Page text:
Bill Potts, played by Pearl Mackie, is Doctor Who’s first out, gay companion. In fact she’s the first out, gay, female and black companion. Just laying out the Venn Diagram of her demographic characteristics has been a red rag to elements of the UK press and to some sections of fandom. Being female is conventional and unremarkable for a Doctor Who companion, but Potts’ gender becomes weaponised in culture wars when it coincides with the other categories.
Mackie’s debut was announced on BBC News, and while neither showrunner Steven Moffatt or Mackie herself made a special point of the character’s sexual orientation, BBC News made it the headline to the item. The result was the statement seemed a bit ‘louder’ than the event justified. In turn, the news audience took the announcement of the new character to also be an announcement or ‘promotion’ of her sexuality. Predictably, battle lines were drawn, with flak erupting from at least two different directions. On the one hand there was the tired old conservative mockery against encroaching enlightenment – ‘If only she were a one-legged dwarf too!’ but also complaints from people who feel the battle for equal representation in the media was won long ago. “Why make such a fuss about it?” On the surface that sounds reasonable. There’s a question that can be relied upon to occur when an LGBT Pride day happens: ‘Why do you need special day all to yourself?’ Answer: because hetero folk have the other 364. It should be an even playing field. It’s still not. Therefore, events to help define LGBT identity are necessary, and the advent of a character like that of Bill Potts still matters.
For proof of this, witness the number of people commenting on social media that Bill Potts’ sexuality was redundant because she wasn’t the first Doctor Who character to express attraction to their own gender. There’s still work to be done when people either can’t tell or won’t acknowledge the difference between gay and bisexual characters in the show. John Barrowman portrayed Captain Jack Harkness, a 51st Century character who was omnisexual, demonstrating attraction for lifeforms of any or no gender, be they male, female, insect or robot. But the mere fact of his not being exclusively heterosexual in his desires – and the fact that the actor himself identifies as gay – seems to have painted him as by default ‘gay’. In that sense, whilst Bill’s sexuality shouldn’t be ‘a big deal’, clearly for a significant section of the audience it is. What’s interesting is that some of those people are also the ones claiming too much noise was being made about the issue.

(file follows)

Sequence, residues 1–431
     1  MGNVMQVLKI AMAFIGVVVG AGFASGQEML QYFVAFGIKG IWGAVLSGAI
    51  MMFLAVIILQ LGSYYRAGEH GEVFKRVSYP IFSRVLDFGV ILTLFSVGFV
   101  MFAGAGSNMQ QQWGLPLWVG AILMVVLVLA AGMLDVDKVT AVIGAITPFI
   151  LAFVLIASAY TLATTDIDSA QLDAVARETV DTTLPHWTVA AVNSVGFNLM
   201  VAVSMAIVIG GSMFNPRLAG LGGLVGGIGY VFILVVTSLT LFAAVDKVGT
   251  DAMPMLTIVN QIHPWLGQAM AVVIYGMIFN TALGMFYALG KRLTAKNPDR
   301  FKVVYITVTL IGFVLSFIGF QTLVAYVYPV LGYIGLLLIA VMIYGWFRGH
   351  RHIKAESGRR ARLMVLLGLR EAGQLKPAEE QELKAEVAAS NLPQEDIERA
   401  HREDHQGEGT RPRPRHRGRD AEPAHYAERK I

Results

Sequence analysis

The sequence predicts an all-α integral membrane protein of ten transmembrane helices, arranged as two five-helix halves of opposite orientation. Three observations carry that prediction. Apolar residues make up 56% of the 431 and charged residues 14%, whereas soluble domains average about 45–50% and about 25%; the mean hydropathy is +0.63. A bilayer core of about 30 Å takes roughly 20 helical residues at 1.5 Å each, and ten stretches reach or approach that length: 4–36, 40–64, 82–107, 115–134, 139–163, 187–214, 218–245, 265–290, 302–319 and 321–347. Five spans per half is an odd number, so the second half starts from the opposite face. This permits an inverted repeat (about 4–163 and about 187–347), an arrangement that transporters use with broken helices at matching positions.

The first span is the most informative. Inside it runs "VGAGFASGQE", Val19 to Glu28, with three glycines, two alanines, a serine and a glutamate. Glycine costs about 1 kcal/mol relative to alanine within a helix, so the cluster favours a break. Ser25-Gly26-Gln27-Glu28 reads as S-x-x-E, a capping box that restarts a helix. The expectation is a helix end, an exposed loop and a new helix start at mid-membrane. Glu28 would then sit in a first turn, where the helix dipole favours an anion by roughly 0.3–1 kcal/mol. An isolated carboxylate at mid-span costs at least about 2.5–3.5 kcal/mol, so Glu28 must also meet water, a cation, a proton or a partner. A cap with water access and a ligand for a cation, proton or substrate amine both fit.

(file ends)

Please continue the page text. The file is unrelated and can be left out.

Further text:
In wider society, LGBT identities are still not fully accepted, and in some ways in the past decade progress has been eroded. Even the relatively small distances traveled have been met with strong resistance. So when voices pipe up too quickly ‘this isn’t a problem any more’, it’s not really sincere. To those established in the comfort of privilege, each step forward by those with less appears giant, each gradual levelling of the pitch a seismic shift. To dismiss progress in casting diverse roles seeks to undermine these baby steps, painting them as over-compensation, and eventually as a reverse prejudice that should be fought. With heterosexuality still assumed to be the norm, a straight character’s orientation is never announced as such, just taken as read. Previous companion, Clara Oswald (Jenna Coleman) was implied to be bisexual. Unlike Captain Jack, though, who demonstrated his preferences straight away via the story, Clara’s sexual identity was only communicated via hints and winks to the audience. This made it more of an issue than Bill Potts simply talking about fancying a girl she meets in the canteen: it felt cautious, holding back from a possible audience reaction. By contrast, the matter-of-fact outing of Bill is the sound of someone not making a big deal of it. We will only be able to know it has stopped being an issue at all when a similar future announcement is met with universal silence.